Left Coast Crime Convention, 2014 – wrap-up

LCC 2014 bookWe had a blast. Went to more than the usual number of panels, caught up with friends, the weather was great.

The convention ran from Wednesday, March 20 (early registration) then Thursday, March 21 through Sunday, March 24, with panels and interviews on all four days. When we go to mystery cons, some of the time is panels, depending on the topics and panel members, some is socializing, some time is just out and about. We like to attend panels looking for new authors, so sometimes we just sit in and see what happens. This can result in a few duds, but over all we enjoy listening to what the authors have to say.

THURSDAY
We got down to Registration early, got our book bags (see the New Arrivals post on Monday). After a so-so breakfast at a joint up the street, I headed into the book room while Barbara went to Thrills and Chills: Medical and Psychological Thrillers with H.S. Clark, June Gilliam, Bette Lamb (half of the writing team J.J. Lamb) and August McLaughlin. This kind of mystery is right up Barbara’s alley, and she liked it a lot, buying a couple of books right afterward.

Then I joined her for Mysteries in Different Lands panel, with Janet Hubbard, Jane Matthews, Pricilla Royal and Jeffrey Siger. For me, the takeaway from this one was Siger’s Chief Inspector Andreas Kaldis series, the first of which, Murder in Mykonos, I bought after the panel. I’m a third of the way in, and enjoying it very much.

Next was Bobbies vs. Mounties with Brenda Chapman, Ann Cleeves, Deborah Crombie and Louise Penny. I’ll go to any panel with Louise Penny. The title had little to do with the discussion, which was mostly about the role of the police protagonists in the books. This was a good one! Then we walked to the Crown and Anchor for good food, good beer.

FRIDAY
We had rolls and coffee, some chat and before we knew it, it was time to head for the first of several panels. The first, In the Beginning…Reminiscing was a lot of fun. Jan Burke, Sue Grafton and Marcia Muller just talked about the early days of their first books and the female P.I. Nothing much new to me, but a lot of humor and it was a feel good panel.

When Setting Matters with Timothy Hallinan, Sara Henry, Craig Johnson and William Kent Krueger. Krueger is the other author at LCC that I wouldn’t miss. Caroline Todd did a good job of moderating this and it was a very good panel, focusing on the role setting plays in the author’s books. I have read two of the authors and they do setting very well, especially Krueger, so it was interesting to hear him talk on how he plans setting as an important element in his plots. For me, the best panel of the con.

After some time enjoying the Monterey peninsula, and lunch out, we returned in time for Murder Across the Pond with Laura Anderson, S.K. Rizzolo, Priscilla Royal and Jeri Westerson. We’d never heard of any of these folks, but what the heck. Locations discussed were France and England, and for me there wasn’t much interest generated.

Last panel of the day was Crime Fiction, the Bigger Picture which had Janet Dawson, Guest of Honor Cara Black, Aaron Elkins, Craig Johnson and Laurie R. King. The panel title made little sense, and they ignored it. Unfortunately, Laurie King said little, but it was a pretty good panel.

The day wrapped up for us with a 45 minute interview of International Guest of Honor Louise Penny, conducted by Minotaur Books’ Andrew Martin. For us, this was a highlight of the convention. The following night Penny’s novel How the Light Gets In won best novel set outside the U.S. After the interview, we had a nice dinner at a local restaurant, then returned to the room to read and try for a good night’s sleep.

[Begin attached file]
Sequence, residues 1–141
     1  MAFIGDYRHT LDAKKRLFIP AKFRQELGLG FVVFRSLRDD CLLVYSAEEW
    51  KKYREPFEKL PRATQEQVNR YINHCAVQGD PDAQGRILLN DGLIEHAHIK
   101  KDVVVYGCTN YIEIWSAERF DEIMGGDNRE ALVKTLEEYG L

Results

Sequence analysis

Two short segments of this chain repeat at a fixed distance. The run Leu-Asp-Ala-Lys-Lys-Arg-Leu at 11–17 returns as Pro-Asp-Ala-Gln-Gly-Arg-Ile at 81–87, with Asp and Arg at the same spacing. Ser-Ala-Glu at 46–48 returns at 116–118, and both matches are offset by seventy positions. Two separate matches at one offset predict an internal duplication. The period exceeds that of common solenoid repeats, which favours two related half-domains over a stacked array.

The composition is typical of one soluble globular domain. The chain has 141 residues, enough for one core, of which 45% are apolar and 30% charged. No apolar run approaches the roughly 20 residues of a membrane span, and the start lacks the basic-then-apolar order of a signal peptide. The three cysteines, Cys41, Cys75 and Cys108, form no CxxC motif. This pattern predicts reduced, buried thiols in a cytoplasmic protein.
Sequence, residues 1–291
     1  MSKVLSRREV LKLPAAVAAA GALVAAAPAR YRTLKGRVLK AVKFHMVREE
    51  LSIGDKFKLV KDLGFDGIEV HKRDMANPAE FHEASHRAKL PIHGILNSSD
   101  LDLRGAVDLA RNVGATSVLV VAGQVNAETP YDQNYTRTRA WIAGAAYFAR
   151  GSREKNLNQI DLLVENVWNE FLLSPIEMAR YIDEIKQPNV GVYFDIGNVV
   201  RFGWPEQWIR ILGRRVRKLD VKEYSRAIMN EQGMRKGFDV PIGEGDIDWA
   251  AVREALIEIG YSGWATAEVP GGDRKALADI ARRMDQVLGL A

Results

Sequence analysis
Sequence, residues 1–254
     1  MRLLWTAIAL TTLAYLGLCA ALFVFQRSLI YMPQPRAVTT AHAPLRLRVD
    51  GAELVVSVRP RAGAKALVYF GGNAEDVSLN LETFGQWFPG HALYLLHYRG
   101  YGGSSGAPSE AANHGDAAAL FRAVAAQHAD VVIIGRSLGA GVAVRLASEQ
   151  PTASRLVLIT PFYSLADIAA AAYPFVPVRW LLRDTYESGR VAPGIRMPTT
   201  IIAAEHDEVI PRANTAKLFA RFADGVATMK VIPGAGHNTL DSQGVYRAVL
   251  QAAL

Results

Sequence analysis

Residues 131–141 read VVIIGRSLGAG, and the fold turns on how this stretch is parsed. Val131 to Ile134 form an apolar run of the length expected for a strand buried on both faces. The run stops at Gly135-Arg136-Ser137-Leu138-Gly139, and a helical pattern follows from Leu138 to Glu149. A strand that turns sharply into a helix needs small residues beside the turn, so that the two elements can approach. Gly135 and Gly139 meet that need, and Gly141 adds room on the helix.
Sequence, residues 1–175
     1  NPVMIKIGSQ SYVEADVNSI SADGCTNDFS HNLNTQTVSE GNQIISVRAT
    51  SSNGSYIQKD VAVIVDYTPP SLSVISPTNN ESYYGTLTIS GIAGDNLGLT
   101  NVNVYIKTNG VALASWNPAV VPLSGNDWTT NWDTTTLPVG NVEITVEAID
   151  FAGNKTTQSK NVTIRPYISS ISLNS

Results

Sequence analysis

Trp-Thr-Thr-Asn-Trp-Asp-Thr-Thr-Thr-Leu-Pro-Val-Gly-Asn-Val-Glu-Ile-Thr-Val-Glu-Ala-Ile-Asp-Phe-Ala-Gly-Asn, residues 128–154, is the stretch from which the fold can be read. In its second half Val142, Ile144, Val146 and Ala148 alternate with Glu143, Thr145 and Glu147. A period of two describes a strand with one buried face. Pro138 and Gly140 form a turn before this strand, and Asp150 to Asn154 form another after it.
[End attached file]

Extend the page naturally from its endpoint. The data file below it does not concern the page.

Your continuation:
SATURDAY
Again, we started off the day with coffee and sweet rolls in the lobby, then off to Mysteries with a Meaning with Jacqueline Winspear (M), Ann Cleeves, Deborah Crombie, Louise Penny and Michael Sears. The “meaning” of the panel title was the author’s perspective on crime in the novel beyond the crime-pursuit-solution aspect. It was an interesting discussion, and the type of mysteries each author writes, from traditional British (Cleeves) to police procedural (Penny, Crombie) to thriller (Sears) gave a variety of perspectives. During the audience question period, they had to hush up a fan who tried to ask a spoiler-filled question.

It was at this time we realized we were both so tired we decided to cancel our awards banquet tickets and made plans for a light supper. On to the next panel.

When Bad Things Happen to Good Detectives with Cara Black, Janet Dawson, Libby Fischer Hellman and William Kent Krueger was a good one. Krueger talked about all the bad things he’d put his protagonist Cork O’Conner through, and the others countered with the trials of their characters and how to get them into – and out of – the kind of jams the plot called for. I’d hoped to talk to Krueger after this panel, but he was mobbed after the panel and there was a very long line for his signing. At the awards ceremony, Krueger’s Ordinary Grace won best novel set in the U.S.

IMG_0187_2After a nice lunch with friends Kate Diere (left), Ted Hertel (2nd from right) and Thom Walls (right), followed by a walk, we returned to the hotel and went to Mystery Aficionados: The Books We Love and Why, with Les Blatt, Deborah Lacy, Barbara Fass Leavy and Donus Roberts. This panel promised to be good but let us down. The only connection to the genre one of the panelists had was having written a critical study of the novels of Ruth Rendell, which might have been fine if she’d had anything at all to add to this panel other than to state that she was an academic and didn’t have any favorite mysteries. (!) Another of the panel members only reads “classics” for reviews on his website so only mentioned Sayers. This left Blatt and Lacy to toss a few favorite authors at us, and the panel was highlighted only by a snafu with the air conditioning system requiring windows to be thrown open.

An hour later it was time for Historical Murder Around the World with Ann Parker, Sharon Newman, Frederick Ramsey, John Maddox Roberts and Priscilla Royal. I like historical mysteries, so I enjoyed hearing the authors talk of the setting and era of their books, and just after the panel I bought Newman’s recent short story collection Death Before Compline. I really should read more historical mysteries.

That was it for Saturday. We had a light meal, read. I finished the book I’d taken to the con, A Question of Proof by Nicholas Blake. I then started Murder in Mykonos by Jeffrey Siger. We were asleep before the banquet was half over.

SUNDAY